Burin tip cutting area graphical analysis.

Leonardo

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Hi all!

I think that these grids would be useful to see more clear the relationship between the wide and the deep of the cuts. It is obviously that the more depth the more width but it is interesting to see these magnitudes related in a graphic and the area that the burin will be removing in each situation.
I made some graphics of cuts at 0.20mm of depth to show that, as an example, the area involved in a cut with a 120º burin almost double the area of the 90º burin. Also this indicate that you will need more power to do the same cut with a wider burin.
You can read in the X coordinate of the first graphic the wide of the cut at the material surface looking for a desired deep in the Y coordinate.

It is possible to measure the cuts width at the material surface using a reticle. These are glasses disk with microscopic scales printed on one of its surfaces. You can put a reticle over the surface and see it through the microscope reading the measure of the cut. Be careful of putting the printed side down to the surface to minimize the parallax error introduced by the glass thickness. Some microscopes have this accessory include but it is really bothering if you are using the microscope for other purpose than measuring because you are seeing this reticle all the time.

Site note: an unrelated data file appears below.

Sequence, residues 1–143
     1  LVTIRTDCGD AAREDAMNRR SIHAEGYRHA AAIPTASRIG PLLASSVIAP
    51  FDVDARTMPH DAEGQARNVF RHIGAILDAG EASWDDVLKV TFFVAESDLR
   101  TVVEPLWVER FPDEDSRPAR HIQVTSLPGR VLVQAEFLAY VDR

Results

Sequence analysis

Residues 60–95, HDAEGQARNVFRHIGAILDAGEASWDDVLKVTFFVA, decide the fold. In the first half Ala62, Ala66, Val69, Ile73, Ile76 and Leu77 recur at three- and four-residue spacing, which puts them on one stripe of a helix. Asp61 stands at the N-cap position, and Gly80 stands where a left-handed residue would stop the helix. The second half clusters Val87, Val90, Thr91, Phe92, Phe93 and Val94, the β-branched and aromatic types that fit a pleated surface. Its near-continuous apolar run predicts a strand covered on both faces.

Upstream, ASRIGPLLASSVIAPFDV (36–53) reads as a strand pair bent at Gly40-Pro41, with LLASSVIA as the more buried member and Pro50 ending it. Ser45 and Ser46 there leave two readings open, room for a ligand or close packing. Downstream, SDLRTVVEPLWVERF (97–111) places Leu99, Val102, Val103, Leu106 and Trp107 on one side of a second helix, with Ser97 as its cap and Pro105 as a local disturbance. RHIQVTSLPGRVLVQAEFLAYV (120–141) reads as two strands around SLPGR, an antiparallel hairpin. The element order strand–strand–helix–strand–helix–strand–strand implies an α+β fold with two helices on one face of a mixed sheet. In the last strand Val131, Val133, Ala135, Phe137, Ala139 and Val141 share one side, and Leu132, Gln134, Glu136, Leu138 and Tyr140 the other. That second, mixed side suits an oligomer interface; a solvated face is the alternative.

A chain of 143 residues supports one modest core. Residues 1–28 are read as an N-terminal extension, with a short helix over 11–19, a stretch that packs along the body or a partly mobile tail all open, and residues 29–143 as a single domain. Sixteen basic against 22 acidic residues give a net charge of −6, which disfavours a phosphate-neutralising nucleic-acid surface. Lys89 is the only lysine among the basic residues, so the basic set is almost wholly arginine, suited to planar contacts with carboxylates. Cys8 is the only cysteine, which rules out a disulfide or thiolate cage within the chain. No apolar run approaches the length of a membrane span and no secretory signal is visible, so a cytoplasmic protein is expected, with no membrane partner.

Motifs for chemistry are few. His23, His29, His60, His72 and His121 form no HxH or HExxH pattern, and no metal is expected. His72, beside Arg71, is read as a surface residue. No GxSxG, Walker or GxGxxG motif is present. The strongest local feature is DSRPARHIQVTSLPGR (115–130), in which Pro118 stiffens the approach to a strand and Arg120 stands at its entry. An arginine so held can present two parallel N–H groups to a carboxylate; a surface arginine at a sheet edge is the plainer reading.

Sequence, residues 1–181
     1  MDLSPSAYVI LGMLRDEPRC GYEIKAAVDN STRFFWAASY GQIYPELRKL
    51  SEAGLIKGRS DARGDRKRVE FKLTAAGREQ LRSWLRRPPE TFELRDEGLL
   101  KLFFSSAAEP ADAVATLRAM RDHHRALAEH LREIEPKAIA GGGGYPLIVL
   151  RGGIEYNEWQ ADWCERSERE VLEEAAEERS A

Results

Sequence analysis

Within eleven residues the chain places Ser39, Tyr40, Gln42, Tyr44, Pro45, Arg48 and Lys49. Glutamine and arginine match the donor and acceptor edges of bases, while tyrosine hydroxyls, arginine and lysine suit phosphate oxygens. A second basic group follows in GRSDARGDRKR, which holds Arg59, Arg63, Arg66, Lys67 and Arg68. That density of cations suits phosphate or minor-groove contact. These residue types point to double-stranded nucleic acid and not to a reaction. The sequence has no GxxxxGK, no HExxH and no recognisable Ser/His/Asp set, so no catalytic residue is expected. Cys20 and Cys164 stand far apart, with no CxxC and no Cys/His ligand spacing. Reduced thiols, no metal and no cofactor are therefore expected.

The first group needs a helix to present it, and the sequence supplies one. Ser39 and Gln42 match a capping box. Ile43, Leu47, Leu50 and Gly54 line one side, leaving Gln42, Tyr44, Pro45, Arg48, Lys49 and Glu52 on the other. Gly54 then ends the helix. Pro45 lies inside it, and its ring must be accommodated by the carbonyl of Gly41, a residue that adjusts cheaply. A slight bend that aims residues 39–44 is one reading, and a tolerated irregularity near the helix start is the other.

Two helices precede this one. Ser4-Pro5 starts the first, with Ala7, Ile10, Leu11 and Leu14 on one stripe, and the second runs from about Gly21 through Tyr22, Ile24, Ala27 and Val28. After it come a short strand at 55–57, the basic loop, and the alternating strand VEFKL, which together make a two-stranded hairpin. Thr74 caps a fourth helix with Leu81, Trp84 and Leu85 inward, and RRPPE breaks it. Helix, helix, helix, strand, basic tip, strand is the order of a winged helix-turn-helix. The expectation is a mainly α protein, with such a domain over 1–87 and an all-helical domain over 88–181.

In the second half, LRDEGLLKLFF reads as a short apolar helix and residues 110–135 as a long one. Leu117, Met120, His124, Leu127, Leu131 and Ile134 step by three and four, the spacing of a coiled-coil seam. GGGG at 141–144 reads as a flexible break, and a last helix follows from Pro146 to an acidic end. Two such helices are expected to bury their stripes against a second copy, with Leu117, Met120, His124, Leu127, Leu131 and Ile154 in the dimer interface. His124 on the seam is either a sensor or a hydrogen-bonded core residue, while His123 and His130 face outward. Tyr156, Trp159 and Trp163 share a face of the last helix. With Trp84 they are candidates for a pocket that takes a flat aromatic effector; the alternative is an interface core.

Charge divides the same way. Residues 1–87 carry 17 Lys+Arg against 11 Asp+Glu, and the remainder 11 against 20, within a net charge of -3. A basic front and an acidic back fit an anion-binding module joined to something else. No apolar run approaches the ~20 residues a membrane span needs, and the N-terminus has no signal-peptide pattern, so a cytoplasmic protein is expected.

I bought my reticles in Edmund Optics. Here is the link to the page. I would recommend the 35mm Diameter Contact Reticle, Multi Scale that works really great.
http://www.edmundoptics.com/onlinecatalog/displayproduct.cfm?productID=1728

Hope this grids helps a bit!
Best regards, Leonardo.

PS. I enjoy doing these kind of things much more than translations, anyway I will do those that are pending later.
By the way, how do you say correctly: "graphical burin tip cutting area analysis" or "burin tip cutting area graphical analysis"? Thanks!
Cheers!

PSS. I have added a preview of the PDF file in a JPG format but, if you want to print it the PDF file has the best resolution.